Skip to main content

Table 5 The six phases of each programme session

From: Evidence, theory and context: using intervention mapping in the development of a community-based self-management program for chronic low back pain in a rural African primary care setting - the good back program

Phase 1Education that is collaborative using motivational interviewing principles- obtaining permission from participants and ‘chunk-check-chunk’, that is give a little information at a time, check that this information is understood before giving another bit of information. This is followed by motivation building through engaging participants to describe their concerns and important life goals; and the barriers and facilitators to achieving them. Finally, there is agenda setting for the rest of the session.
Phase 2Mapping of existing illness perceptions using CBT principles of assessment. Participants are stimulated to identify their illness beliefs and link the beliefs into CBT vicious cycle of beliefs/thoughts, mood, physical sensations, and behaviour.
Phase 3Challenging maladaptive illness perceptions using CBT principles. Participants are encouraged to question their illness perceptions associated with maladaptive behaviour to explore if there is any utility (discovered by participants themselves) in having these perceptions.
Phase 4Formulation of alternative illness perceptions and associated behaviours using CBT principles of guided discovery. Guided discovery involves participants being encouraged during group sessions to discover by themselves more positive ways of thinking and behaving in relation to their CLBP. Physiotherapist shows an understanding of participants’ point of view and encourages them to discover alternative ways of thinking about their concerns. Socratic dialogue is used to change maladaptive illness perceptions into alternative perceptions conducive to achieving life goals stated in phase 1.
Phase 5Practising the alternative (desired) behaviour in a supervised session by completing the exercise and postural training sessions. After the cool down session, good posture in daily functional activities are practised. Participants are encouraged to explore alternative illness perceptions that may support performing exercises and adopting good posture in daily life. Subsequently, a plan for change is developed with the participants by exploring the incorporation of these activities into their daily lives. Motivational interviewing principles of ‘Elicit-provide-elicit’ are used. Physiotherapist facilitates the change talk by identifying and strengthening comments that show the desire to change, ability to change, reasons for change, need to change, commitment to change and taking steps towards behaviour change. Physiotherapist focuses at an individual level, on the most relevant area for each participant and stimulates the motivation to change by discussing outcome expectancies associated with exercises and good posture. For instance, participants can be told how exercising just before going to bed can improve pain and sleep, and how working from a table instead of the ground can reduce the number of pain episodes. There is exploration of participants’ risk awareness and self-efficacy. Goals to achieve the required behaviour change are set with the participants before the next session. Physiotherapist plans with the participants, the steps required for the exercises and good posture. Participants are encouraged to remember/record their activities. Social support is used to facilitate behaviour change by allowing each participant to identify a family member or significant other to support the exercises and good posture.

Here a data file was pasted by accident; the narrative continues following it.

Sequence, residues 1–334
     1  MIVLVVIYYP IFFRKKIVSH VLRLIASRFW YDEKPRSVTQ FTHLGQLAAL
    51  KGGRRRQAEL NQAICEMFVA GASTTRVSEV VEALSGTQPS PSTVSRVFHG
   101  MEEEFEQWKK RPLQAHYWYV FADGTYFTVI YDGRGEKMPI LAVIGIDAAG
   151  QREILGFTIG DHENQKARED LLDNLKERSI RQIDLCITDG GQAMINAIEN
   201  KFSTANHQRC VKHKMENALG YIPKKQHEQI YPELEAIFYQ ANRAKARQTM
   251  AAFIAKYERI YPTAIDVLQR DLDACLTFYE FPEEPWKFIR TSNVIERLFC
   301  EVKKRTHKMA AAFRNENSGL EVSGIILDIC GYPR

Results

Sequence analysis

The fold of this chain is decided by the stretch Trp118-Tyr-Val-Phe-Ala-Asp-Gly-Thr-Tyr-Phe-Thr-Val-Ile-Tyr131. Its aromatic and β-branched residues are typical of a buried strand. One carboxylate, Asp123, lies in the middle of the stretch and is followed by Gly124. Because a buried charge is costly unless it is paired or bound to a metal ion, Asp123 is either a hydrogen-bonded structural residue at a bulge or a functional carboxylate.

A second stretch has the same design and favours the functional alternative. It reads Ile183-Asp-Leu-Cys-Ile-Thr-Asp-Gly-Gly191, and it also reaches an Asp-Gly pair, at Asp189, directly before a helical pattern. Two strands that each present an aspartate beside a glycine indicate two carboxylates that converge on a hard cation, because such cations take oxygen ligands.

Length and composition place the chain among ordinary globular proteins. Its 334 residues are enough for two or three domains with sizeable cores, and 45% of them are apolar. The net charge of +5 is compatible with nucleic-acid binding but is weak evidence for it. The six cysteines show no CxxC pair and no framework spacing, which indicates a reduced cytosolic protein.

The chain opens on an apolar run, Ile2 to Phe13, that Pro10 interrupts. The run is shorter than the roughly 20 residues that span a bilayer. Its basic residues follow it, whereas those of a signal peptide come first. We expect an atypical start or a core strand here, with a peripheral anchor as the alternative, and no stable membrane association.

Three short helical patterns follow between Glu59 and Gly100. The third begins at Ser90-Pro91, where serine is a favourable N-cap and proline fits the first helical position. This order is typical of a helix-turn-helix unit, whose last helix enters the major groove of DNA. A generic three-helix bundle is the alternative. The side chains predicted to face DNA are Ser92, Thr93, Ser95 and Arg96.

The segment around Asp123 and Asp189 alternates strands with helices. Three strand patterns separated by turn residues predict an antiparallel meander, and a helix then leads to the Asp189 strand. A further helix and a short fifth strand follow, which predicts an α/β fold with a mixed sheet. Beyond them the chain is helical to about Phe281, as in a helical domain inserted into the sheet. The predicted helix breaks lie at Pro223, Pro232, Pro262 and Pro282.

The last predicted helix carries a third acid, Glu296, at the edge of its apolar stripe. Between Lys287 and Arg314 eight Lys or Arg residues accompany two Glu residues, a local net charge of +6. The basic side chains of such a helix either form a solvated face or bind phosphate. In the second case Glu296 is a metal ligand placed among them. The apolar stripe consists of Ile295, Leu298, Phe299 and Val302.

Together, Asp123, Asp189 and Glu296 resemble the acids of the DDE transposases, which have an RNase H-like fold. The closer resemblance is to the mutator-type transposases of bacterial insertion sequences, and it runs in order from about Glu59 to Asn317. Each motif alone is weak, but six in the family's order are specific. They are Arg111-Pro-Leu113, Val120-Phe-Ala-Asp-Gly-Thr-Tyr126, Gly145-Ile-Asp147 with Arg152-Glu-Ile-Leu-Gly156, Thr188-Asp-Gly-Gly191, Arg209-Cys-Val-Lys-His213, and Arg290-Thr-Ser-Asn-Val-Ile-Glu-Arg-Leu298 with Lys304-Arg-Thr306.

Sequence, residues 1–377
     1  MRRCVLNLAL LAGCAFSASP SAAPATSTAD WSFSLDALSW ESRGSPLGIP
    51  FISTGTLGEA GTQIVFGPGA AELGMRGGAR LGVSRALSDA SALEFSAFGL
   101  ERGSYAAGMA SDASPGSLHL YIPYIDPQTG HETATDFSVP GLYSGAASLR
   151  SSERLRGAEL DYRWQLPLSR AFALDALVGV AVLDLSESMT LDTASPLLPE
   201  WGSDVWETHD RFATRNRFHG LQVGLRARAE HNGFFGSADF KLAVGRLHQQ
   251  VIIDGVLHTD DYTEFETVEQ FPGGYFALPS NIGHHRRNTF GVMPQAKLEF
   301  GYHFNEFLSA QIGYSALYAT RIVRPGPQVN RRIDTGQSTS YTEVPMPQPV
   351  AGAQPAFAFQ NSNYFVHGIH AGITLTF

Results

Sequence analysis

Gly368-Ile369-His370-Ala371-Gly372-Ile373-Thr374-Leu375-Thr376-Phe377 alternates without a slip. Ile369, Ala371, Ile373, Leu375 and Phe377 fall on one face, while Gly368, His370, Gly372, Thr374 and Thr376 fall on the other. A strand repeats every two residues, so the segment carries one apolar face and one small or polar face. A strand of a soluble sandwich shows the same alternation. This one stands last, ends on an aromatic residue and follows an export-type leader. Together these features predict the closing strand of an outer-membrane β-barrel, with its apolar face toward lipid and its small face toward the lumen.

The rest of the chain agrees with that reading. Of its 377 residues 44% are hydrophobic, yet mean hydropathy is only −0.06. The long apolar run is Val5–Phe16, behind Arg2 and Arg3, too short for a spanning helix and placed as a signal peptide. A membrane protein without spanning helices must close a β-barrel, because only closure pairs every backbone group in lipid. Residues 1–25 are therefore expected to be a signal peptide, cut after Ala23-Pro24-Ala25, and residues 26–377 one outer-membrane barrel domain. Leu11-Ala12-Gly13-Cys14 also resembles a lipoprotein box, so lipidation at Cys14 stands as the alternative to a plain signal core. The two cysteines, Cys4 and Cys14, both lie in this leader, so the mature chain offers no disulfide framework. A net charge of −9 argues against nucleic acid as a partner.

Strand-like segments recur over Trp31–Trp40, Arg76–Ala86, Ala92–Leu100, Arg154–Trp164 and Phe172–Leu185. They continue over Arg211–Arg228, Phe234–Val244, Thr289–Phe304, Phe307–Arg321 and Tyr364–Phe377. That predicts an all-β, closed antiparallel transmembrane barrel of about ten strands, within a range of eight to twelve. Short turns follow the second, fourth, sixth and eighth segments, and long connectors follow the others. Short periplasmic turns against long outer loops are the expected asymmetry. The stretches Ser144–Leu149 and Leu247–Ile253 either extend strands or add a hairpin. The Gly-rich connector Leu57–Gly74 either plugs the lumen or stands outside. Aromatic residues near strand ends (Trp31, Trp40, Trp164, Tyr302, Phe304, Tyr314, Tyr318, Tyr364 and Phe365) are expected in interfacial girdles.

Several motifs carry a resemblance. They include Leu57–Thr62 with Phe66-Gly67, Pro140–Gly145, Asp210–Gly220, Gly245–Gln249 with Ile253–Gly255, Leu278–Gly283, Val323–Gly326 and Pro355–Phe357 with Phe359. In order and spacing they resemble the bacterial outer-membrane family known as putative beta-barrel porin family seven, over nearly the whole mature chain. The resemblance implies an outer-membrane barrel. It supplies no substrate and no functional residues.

Phase 6Testing of alternative illness perceptions and associated behaviours. Physiotherapist stimulates participants to test alternative illness perceptions and associated behaviours (exercises and good posture) by using CBT principles of behavioural experiments. Participants practise the behaviour (exercises and good posture) and appraise their efficacy in their lives. The desired behaviour is strengthened by participants confirming their utility in their daily life. This appears to correspond with the appraisal stage of the SRM. There is exploration of personal and social/environmental factors that may constitute barriers and facilitators to engaging in the exercises and good posture. Strategies to utilise the facilitators and reduce barriers to the desired change are explored with the participants. Culturally tailored goals are then set for personalised strategies to overcome the identified barriers. For instance, some participants who may not want to exercise on Sundays for spiritual reasons may be encouraged to exercise in the morning and later in the evening during the previous Saturday.